Ainsdale railway station opened in 1848. A second station was opened in 1901. It was originally named Seaside, being renamed Ainsdale Beach in 1912. It closed in 1952. The route of the line it was on now forms the Coastal Road from Woodvale to Southport. The row of houses over the road from the Sands Hotel were originally railway staff cottages for that line.
Staff are available to help you 15 minutes before the start of service and 15 minutes from the end of service.
Ainsdale boating lake, along with the beach itself, were popular tourist attractions, and thus Lakeside Hotel (now known as The Sands) was built to accommodate those wishing to stay in the area. However, a large campsite was also well populated in the busiest periods of the year.
“Everyone will at some point owe their lives to the work junior doctors and their colleagues do"
A permit is required before you use a power kite in the kite zone.
The Sefton Coastal Footpath passes along the eastern boundary of the reserve.
Ainsdale became part of the County Borough of Southport in 1912 after being part of Birkdale Urban District, though it remained a separate civil parish to Southport until 1925. Although now in the administrative county of Merseyside it is still in the County Palatine of Lancashire.
Main habitats: embryo dunes, yellow dunes, fixed dunes, wet slacks, flower rich grassland, dune pasture and deciduous woodland
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For parliamentary elections, the ward is part of the Southport constituency, currently represented by the Liberal Democrat MP, John Pugh, who was re-elected at the 2015 general election.
The dunes of the Sefton Coast cover a large area, some parts of which are relatively remote, and you can become disorientated. If you wish to visit the beach check the local tide timetable.
This is one of the best remaining strongholds of the rare natterjack toad, Europe’s loudest amphibian. Red squirrels can occasionally be seen in amongst the reserve’s pine forests too, while sand lizards, great-crested newts and a fantastic variety of orchids and other wildflowers can also be found here.
In the village green there is a war memorial that commemorates the lives of forty-four Ainsdale residents killed as a result of World War I.
By car, the site is accessed via minor roads from the A565. The nearest car park is on the beach-front 1.5km to the north.
People visiting can enjoy tug of war, live music, gymnastics displays and more
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The area of Ainsdale, together with the adjoining settlement of Woodvale, and a significant part of South Birkdale, forms a single electoral ward named Ainsdale, it is currently represented by three councillors on Sefton Council: Brenda Porter and Terry Jones (both Conservative Party), and Haydn Preece (Liberal Democrats).
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Open during the summer, you are welcome to pop in and see the shell collection and find out what wildlife there is to see and maybe have a go at a family activity.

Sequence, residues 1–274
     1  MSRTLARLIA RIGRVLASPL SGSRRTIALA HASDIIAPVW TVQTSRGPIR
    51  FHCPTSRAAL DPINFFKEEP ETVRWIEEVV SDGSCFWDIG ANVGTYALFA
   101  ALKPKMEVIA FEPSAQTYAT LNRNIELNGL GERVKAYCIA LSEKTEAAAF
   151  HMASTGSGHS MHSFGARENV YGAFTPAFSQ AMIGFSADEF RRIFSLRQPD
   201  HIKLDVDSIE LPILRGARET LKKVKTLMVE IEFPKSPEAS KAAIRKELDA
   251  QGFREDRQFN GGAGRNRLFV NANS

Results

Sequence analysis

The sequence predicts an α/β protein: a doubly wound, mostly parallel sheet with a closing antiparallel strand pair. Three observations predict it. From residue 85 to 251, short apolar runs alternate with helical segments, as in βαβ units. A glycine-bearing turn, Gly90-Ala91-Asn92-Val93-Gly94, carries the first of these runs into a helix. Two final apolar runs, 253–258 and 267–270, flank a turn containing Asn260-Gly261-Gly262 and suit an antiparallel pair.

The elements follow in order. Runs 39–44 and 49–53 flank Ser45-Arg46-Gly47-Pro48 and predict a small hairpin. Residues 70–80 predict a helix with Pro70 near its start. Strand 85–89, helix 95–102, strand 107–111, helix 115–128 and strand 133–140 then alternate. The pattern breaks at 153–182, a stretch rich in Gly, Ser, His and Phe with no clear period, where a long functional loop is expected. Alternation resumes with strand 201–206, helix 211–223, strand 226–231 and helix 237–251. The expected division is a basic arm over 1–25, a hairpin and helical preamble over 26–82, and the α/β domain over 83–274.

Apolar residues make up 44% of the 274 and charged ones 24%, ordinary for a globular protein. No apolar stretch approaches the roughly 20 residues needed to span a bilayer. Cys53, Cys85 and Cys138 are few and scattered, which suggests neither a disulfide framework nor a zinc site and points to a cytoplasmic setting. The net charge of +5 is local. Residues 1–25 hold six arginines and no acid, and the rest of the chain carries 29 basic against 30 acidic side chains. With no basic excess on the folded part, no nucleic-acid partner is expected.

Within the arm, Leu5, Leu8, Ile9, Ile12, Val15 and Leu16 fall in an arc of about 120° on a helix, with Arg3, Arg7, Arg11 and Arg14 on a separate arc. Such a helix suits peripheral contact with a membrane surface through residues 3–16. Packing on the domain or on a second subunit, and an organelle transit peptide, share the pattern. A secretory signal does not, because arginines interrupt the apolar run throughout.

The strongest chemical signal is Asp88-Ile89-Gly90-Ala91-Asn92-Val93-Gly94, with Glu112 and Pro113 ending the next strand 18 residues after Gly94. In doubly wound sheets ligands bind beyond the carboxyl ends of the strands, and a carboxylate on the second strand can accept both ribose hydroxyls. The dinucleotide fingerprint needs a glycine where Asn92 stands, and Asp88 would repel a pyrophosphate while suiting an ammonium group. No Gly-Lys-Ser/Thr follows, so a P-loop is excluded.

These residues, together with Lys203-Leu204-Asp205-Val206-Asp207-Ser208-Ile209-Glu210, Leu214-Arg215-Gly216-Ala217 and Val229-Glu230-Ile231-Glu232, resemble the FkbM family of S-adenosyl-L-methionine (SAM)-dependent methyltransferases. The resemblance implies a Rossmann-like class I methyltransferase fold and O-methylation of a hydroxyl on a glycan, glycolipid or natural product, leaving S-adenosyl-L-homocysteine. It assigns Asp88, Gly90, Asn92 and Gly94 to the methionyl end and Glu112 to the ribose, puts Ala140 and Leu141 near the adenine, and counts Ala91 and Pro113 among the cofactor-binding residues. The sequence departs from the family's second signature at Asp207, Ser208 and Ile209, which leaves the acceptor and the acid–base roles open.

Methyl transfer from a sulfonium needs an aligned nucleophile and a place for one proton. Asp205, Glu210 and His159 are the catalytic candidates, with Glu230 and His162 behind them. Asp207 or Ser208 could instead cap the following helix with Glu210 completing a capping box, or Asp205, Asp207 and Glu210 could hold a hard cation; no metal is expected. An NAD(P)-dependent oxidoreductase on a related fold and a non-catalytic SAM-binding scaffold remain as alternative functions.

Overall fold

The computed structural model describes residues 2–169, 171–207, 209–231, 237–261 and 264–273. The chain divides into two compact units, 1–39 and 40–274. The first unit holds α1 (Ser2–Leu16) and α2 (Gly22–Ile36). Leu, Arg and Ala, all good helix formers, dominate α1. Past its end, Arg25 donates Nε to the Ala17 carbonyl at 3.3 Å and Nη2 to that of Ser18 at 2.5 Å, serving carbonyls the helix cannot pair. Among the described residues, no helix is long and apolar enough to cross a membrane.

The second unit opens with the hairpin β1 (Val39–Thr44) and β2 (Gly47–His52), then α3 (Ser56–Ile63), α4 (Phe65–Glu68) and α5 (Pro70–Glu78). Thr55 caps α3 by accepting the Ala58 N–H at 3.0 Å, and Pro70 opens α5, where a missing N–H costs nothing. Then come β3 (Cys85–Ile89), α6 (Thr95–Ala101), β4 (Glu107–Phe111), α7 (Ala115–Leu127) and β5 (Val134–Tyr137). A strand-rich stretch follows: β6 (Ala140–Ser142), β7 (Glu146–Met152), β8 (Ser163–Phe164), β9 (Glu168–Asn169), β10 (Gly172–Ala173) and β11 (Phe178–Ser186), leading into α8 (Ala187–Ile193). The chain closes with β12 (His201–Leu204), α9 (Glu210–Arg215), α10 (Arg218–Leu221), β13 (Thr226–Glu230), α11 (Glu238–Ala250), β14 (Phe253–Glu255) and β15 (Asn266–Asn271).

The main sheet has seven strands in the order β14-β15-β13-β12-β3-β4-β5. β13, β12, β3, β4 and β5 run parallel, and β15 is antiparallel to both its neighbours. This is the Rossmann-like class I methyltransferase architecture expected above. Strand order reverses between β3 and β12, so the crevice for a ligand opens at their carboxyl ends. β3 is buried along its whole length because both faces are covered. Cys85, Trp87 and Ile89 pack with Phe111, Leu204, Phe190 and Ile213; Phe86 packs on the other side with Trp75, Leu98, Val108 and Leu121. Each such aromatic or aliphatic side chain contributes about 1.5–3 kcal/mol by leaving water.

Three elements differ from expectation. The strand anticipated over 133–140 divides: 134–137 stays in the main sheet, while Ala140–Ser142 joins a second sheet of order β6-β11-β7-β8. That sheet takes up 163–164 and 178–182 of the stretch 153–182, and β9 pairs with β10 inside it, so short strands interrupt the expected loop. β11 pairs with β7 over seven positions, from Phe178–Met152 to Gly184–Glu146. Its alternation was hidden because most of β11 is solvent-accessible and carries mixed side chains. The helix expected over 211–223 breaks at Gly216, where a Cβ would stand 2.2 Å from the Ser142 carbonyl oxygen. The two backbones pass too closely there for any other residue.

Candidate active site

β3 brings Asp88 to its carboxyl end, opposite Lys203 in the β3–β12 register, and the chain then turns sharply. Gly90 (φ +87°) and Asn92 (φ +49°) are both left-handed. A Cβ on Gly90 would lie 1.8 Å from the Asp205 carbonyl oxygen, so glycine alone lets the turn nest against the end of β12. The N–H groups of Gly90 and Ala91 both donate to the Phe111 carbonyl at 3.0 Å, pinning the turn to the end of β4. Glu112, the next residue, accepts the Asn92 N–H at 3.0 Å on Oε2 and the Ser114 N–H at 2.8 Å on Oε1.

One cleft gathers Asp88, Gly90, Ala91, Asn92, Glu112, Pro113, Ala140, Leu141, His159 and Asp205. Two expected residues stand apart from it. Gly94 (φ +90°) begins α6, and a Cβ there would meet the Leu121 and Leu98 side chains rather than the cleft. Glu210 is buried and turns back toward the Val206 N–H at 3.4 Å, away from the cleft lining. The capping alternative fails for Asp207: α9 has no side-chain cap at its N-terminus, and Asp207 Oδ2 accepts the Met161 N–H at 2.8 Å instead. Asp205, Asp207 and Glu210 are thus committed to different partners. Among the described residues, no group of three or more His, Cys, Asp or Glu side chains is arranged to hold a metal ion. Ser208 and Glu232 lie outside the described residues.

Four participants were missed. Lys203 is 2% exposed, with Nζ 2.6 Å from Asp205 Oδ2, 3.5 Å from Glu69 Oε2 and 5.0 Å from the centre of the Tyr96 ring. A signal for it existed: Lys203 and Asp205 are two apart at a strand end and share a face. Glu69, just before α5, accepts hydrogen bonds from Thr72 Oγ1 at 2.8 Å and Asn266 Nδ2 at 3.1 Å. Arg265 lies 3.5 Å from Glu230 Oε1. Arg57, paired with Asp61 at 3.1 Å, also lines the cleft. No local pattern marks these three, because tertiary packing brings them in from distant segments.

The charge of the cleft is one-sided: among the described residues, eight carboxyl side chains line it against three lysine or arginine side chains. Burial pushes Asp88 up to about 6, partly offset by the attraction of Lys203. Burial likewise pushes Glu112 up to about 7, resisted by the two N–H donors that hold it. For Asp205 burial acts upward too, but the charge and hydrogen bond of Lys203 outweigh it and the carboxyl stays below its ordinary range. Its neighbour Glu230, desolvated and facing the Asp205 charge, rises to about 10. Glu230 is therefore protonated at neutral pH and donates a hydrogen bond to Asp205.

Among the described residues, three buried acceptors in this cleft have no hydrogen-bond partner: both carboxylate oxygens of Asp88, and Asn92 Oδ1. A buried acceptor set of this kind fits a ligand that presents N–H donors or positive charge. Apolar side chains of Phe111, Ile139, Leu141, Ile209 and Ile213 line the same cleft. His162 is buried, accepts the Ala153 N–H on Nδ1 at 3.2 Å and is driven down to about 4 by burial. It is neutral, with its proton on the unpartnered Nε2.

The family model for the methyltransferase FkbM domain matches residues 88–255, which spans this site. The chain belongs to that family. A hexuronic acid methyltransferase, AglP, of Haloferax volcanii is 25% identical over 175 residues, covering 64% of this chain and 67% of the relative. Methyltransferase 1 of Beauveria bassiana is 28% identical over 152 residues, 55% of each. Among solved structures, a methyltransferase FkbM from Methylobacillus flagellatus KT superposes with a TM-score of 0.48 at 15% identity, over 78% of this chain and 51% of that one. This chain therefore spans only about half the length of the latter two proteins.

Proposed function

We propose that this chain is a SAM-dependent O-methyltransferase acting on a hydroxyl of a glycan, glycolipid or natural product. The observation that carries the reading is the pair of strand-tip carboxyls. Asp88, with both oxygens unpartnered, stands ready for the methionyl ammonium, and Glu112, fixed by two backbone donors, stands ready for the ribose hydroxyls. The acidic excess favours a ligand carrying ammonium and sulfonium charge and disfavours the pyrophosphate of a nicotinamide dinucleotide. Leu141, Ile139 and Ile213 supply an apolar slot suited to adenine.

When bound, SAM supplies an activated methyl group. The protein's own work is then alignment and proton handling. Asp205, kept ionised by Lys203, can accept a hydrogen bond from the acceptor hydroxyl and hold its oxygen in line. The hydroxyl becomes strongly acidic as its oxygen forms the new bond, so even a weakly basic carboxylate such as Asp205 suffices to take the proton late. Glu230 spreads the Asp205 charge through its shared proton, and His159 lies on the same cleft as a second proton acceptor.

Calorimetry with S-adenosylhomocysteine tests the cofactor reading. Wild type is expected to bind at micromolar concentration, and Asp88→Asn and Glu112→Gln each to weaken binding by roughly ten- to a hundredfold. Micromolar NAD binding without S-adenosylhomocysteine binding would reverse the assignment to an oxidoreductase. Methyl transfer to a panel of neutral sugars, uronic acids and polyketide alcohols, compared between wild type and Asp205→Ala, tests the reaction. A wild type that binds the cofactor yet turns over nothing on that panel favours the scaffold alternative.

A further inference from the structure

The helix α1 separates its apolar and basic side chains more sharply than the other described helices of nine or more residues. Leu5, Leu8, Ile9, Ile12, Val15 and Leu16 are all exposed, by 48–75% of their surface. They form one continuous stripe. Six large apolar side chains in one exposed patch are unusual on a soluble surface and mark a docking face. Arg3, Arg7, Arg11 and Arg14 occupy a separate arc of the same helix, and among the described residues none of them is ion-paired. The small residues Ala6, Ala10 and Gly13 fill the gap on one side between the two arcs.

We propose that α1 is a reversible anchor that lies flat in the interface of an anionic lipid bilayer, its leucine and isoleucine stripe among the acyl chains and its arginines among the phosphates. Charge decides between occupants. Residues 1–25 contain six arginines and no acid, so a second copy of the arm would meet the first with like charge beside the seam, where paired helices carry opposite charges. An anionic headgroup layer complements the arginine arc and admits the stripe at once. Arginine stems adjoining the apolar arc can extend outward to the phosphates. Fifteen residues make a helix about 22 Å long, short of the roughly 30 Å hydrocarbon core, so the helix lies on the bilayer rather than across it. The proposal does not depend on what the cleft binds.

Ainsdale is an area of Southport in the borough of Sefton, Merseyside, England, situated three miles south of the centre of Southport. At the 2001 Census it had a population of 12,723. By the time of the 2011 census only figures for Ainsdale (Ward)(qv) were available.
Ainsdale station is fully accessible. Although a footbridge links platforms, both platforms can be accessed via a level crossing. Staff are on hand to assist those passengers requiring it.
If you are between 10 and 18 find out more at event in Ainsdale this weekend
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Ainsdale Beach and nature reserve are popular with schools and colleges for educational visits and provide a venue for a variety of events throughout the year.
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Voluntary wardens carry out site work, sheep and cattle checks and species monitoring.
The Lancashire Coastal Way runs along the northern bank of the estuary. The northern bank can also be accessed via Route 62 of the Sustrans National Cycle Network.
Ainsdale beach is designated by Sefton Council as a kite beach where kitesurfing and land-based kite traction activities are allowed.
Ainsdale Mill, built circa 1800 on the site of an earlier wooden mill, was an impressive - and functional - landmark until its closure in 1965 and later demolition. A branch railway line from Ainsdale station served the mill during its operating years.
The estuary is one of the most important sites in the UK for over wintering wildfowl.
The reserve is 7 km west of Preston and includes land on both sides of the Ribble Estuary: as far as Lytham, on the northern bank, and Crossens (near Marshside), on the southern bank.
Please take note of beach safety flags and signage.
The Ainsdale Discovery Centre, situated adjacent to the beach and Ainsdale & Birkdale Sandhills Local Nature Reserve, provides local information, a classroom facility, venue for events and free cycle hire .
Take a look at what local people think abut plans for store at Birkdale Trading Estate
Apply for Free Secure Cycle storage access www.merseyrail.org/cycle